Earth Day has snowy prelude


April 23, 1993|By David Michael Ettlin and Bill Talbott | David Michael Ettlin and Bill Talbott,Staff Writers

To the colors of spring -- daffodil yellow, hyacinth blue, peach-blossom pink and a rainbow of tulip tints -- add a touch of winter white.

Fully a month into spring, snow fell yesterday across a wide expanse of Western and Central Maryland -- not a lot in most places, but enough to raise eyebrows and send an Earth Day chill into spirits warmed just two days earlier by the year's first 80-degree weather.

"You don't expect snow a week before May, but it does happen,said Amet Figueroa, a National Weather Service forecaster.

"It's almost like the [Howard County] earthquake -- it's something novel."

Weather Service observers reported as much as 3 1/2 inches of snow in mountainous Garrett County; 2 inches in Frostburg (Allegany County's refrigerator), 2.3 inches in the northwestern Montgomery County community of Damascus, and mostly lesser amounts in colder reaches of Carroll, Howard and Baltimore counties.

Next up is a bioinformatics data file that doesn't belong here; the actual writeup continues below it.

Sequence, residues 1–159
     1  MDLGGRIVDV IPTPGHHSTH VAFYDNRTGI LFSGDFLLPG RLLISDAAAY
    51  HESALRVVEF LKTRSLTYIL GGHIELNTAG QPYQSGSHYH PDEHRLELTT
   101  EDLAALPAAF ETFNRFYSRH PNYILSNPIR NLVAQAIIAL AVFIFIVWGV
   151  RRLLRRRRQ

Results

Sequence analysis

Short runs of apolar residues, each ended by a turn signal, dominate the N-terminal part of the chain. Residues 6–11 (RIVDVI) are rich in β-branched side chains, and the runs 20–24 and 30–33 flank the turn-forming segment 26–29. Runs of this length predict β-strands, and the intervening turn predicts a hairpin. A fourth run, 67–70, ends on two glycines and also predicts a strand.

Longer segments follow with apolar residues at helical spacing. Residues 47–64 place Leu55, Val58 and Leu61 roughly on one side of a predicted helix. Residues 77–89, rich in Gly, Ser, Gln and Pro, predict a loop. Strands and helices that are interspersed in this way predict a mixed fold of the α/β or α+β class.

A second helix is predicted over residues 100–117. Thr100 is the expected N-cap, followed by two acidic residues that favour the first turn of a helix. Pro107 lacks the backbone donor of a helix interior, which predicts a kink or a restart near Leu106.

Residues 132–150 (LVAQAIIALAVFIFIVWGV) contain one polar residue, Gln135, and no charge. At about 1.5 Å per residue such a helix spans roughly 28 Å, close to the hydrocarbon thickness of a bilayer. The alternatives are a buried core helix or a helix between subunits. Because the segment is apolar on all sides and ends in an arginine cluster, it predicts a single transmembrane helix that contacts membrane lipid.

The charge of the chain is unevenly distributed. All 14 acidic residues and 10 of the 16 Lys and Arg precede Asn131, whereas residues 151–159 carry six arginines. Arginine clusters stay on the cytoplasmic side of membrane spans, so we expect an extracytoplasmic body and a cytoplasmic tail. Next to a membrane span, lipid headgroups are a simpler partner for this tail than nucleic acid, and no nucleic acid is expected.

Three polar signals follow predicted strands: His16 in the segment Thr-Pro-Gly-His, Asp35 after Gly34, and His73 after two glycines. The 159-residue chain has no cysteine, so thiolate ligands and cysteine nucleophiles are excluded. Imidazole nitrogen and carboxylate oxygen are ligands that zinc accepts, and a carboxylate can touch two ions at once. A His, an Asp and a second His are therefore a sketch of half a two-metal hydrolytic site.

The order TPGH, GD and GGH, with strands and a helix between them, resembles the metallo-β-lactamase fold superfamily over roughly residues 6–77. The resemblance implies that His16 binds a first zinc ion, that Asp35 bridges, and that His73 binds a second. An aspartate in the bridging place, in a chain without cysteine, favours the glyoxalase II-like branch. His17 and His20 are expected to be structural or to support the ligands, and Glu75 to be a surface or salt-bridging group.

Those were the official accounts.

Then you talk to John Fleming, the owner of a store in the Mount Airy-Ridgeville area of Carroll County:

"The snow was 3 to 4 inches deep, even on the roads, but it started melting about noon."

Aside from a few school kindergarten cancellations and scattered minor accidents, the snow mostly caused its startled observers to ask, "What's happening?"

Mr. Figueroa's answer: The rare, but not-unheard-of phenomenon of a mid-spring snow -- in this case, triggered by a deep-south dive of the jet stream and a collision of its trailing cold air with warm, moist air over the Chesapeake region.

In Garrett, where snow has been known to fall on Memorial Day, yesterday's weather was not so remarkable. The county has seen close to 150 inches of snow since its winter season began -- around October.

But in Carroll, the snow was quite a sight -- beginning about 7:30 a.m. and decorating the flowers, trees, fields and cars with 2 inches or more of the white stuff before it began to taper off about noon.

According to Weather Service records, the Baltimore area has seen snow as late as May 9 -- when a trace was recorded at the downtown Custom House in 1923.

The latest snow at Baltimore-Washington International Airport was a trace on May 1, 1963.

The latest measureable snow in the city was one-tenth of an inch on April 28, 1898.

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